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What Your State Humanities Council Can Do for You

"Many libraries are learning that the more they create space for youth to take the lead and drive activities, the better the experience is for everyone. The old model of adults taking the lead and telling youth what to do needs to be replaced with something more youth-driven. We've learned that working in collaboration with youth yields better relationships and they'll stay engaged if they feel like they are appreciated."—Pennsylvania Humanities Council, 2019.

Empowerment of voice, sharing of story, and celebration of diversity drive the varied activities of the National Endowment for the Humanities and its nonprofit affiliates, state humanities councils. In preparing this issue, I've come to realize the resources and opportunities that these organizations provide, from fellowships to teaching resources to community partnership programs. This work serves the goals of "advancing knowledge and understanding of the humanities, and increasing public awareness of, access to, and support for the humanities in the United States"—a directive established by the federal government in the 1960s in response to concerns that an emphasis on science was threatening education in the humanities, the work of which was essential in guiding a people through a future shaped by science and technology (Pennsylvania Humanities Council; National Endowment for the Humanities).

There are fifty-six state and jurisdictional humanities councils. You can find yours here: https://www.neh.gov/about/state-humanities-councils. I live in Pennsylvania, and Pennsylvania Humanities Council's executive director, Laurie Zierer, shared this perspective about opportunities for school libraries:

There are 56 humanities councils located in all U.S. states and jurisdictions that may be able provide a wealth of resources and learning opportunities for school librarians and their teacher colleagues. The Pennsylvania Humanities Council's Teen Reading Lounge program has expanded from primarily public libraries to public and independent school sites. Through this work we've worked closely with school staff, including ongoing training and consultations, to help them leverage the power of humanities to engage and inspire youth—particularly those who are often the hardest to reach. We're currently developing a learning brief based on an independent analysis of our work with young people so that we can share more broadly our successes and challenges. I strongly encourage school librarians to keep an eye out for that and also to reach out to their local humanities council and ask them about relevant resources and opportunities. (Email communication, July 8, 2019)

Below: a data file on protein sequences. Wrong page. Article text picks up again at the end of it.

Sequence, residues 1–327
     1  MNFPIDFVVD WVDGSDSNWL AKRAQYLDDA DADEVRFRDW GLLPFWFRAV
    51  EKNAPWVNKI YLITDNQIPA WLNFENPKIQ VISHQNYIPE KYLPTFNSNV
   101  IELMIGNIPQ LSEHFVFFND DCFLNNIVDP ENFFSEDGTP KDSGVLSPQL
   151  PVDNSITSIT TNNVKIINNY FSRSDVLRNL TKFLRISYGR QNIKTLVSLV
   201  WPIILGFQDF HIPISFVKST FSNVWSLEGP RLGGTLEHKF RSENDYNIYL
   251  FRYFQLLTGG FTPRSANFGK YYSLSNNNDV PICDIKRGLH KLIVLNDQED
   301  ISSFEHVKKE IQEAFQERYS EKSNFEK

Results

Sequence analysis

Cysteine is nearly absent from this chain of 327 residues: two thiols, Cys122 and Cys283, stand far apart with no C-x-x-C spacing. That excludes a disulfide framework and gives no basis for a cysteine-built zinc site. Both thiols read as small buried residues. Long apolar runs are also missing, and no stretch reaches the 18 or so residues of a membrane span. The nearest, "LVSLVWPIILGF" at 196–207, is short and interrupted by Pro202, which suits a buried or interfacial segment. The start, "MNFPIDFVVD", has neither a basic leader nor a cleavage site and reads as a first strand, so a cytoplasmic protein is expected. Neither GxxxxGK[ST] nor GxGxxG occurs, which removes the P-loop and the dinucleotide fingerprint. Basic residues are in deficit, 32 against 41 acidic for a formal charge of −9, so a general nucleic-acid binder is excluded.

Here is a sampling of opportunities, events, and content provided by NEH and state humanities councils. Do you collaborate with your state humanities council or implement their resources? Share your experiences with us @SLC_Online.

  • Oregon Humanities Curriculum Guides: essential questions, lesson plans and other materials to go with articles such as "Good Hair: Exploring Identity and Questioning Expectations" and "Full Circle: The High Price of Free Speech" http://www.oregonhumanities.org/curriculum-guides/

  • Humanities Magazine: current and archived issues with rich topics to ignite inquiry projects, such as "The Forgotten Suffragists" and "Texting in Ancient Mayan Hieroglyphs" https://www.neh.gov/humanities

Works Cited

National Endowment for the Humanities. "How NEH Got Its Start." https://www.neh.gov/about/history. Accessed June 30, 2019.

Pennsylvania Humanities Council. "A Brief History of PHC." https://pahumanities.org/about-us/a-brief-history. Accessed June 30, 2019.

Pennsylvania Humanities Council. "Positive Youth Development Is Another Reason To Love Libraries." https://pahumanities.org/conversations/2019/04/08/positive-youth-development-is-another-reason-to-love-libraries. Accessed June 30, 2019.

About the Editor

Rebecca J. Morris, MLIS, PhD, earned her master's degree and doctorate at the University of Pittsburgh and her undergraduate degree in elementary education at Pennsylvania State University. Rebecca teaches graduate courses in school librarianship and youth library services. Rebecca has published articles in journals including School Library Research, Knowledge Quest, School Libraries Worldwide, Teacher Librarian and the Journal of Research on Young Adults in Libraries. She is the author of School Libraries and Student Learning: A Guide for School Leaders (Harvard Education Publishing Group, 2015). Rebecca is a former elementary classroom teacher and middle school librarian.

Email: rmorris@schoollibraryconnection.com

Twitter: @rebeccajm87.

Select Citation Style:
MLA
Morris, Rebecca J. "What Your State Humanities Council Can Do for You ." School Library Connection, October 2019, schoollibraryconnection.com/Home/Display/2227757.
Chicago
Morris, Rebecca J. "What Your State Humanities Council Can Do for You ." School Library Connection, October 2019. http://schoollibraryconnection.com/Home/Display/2227757.
APA
Morris, R. J. (2019, October). What your state humanities council can do for you . School Library Connection. Retrieved from http://schoollibraryconnection.com/Home/Display/2227757
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